If buying a local wine just isn't local enough for you, then you might consider joining the growing ranks of people making homemade wine this fall.
Some home winemakers make wine with friends for fun, some make wine with family for tradition; some make it "old school," adding nothing, and drink it by Christmas; others do it "new school," adding preservatives, and wait a year or more to bottle.
I started making wine at home with friends a couple of years ago, and we picked up our white grapes, shipped from California, last week.
The loading dock at the M&M Wine Grape Co. in Hartford, Conn., was stacked high with boxes of grapes, destined for home winemakers. The regional market where it does business bustles with winemakers and shoppers looking for bulk produce for grocery stores and restaurants.
Around the boxes, people were wandering — mostly men. Some stuck their fingers into the boxes of merlot and muscat to taste the fruit they may want to buy, dodging forklifts as they did. Others were inside, settling their tabs.
Mario Zavaglia stood between the dock and the bed of a pickup truck, as he slid big buckets of grape juice into the truck. He told me he doesn't mess with the grapes themselves anymore, he just gets the juice. "With the grapes, you gotta work three times more," said Zavaglia. "I did it with my grandfather. My father, my grandfather did it. I was a kid."
Next to Zavaglia was a nice pickup with a trailer heavy with boxes of grapes. Its owner, Rich Sabato, is clearly a serious winemaker. He started a few years ago making small batches of wine from kits. Then, eventually, he went all in, high-tech. He has $15,000 in equipment alone, and that day, he and his friends were bringing home a gigantic haul.
"This year, we're buying 5,600 pounds of grapes," said Sabato. That's about 300 gallons of wine. For Sabato, wine making runs in the family, too. His grandfather did it — first in Italy, then in South Philadelphia.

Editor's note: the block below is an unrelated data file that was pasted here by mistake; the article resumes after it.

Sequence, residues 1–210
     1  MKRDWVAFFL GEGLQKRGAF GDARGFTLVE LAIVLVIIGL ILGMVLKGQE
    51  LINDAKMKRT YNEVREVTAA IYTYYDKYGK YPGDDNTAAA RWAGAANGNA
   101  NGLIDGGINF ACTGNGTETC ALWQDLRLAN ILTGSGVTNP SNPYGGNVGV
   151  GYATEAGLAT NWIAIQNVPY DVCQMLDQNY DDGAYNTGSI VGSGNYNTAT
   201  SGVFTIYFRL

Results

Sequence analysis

"When he died, nobody else did it and it was kind of lost. And that's what drove me," Sabato explained. "It's not wood barrels like the old country, it's not Lucille Ball stamping it with her feet in a tank, but it's a lot of fun, a little camaraderie, and we share it with our friends."
When some friends and I decided to try it out a few years ago, we read up on it a bit. Then we started small. But last year, I found myself with 150 gallons aging in my basement.
When we picked up our chardonnay grapes this year, they'd already been taken off the stem and crushed. So all we had to do was slide them into the truck, take them home and get to work.
And that work includes a lot of testing. First, we test to make sure the juice has the right amount of sugar to make the right amount of alcohol after fermentation is done. If there's not enough sugar, you can add it; if there's too much, you can dilute it with distilled water. In this case, the sugar was right on target for a wine that's 12 or 13 percent alcohol, so we didn't add anything.
There are other tests, too — like testing the total amount of acid in the juice, testing the strength of the acid and testing the total amount of sulfites (which act as a preservative).
As for the sulfites, the retailer added the right amount of sulfites to the crushed grapes for us before we brought them home, and, at this stage, they have one very specific function — to kill off any natural yeast that may have been on the grapes.
Why? Because, the theory goes, we have no idea what kind of yeast is on the grapes, and therefore we have no idea what kind of wine it will yield. So, if you kill the natural yeasts, you can then add your own.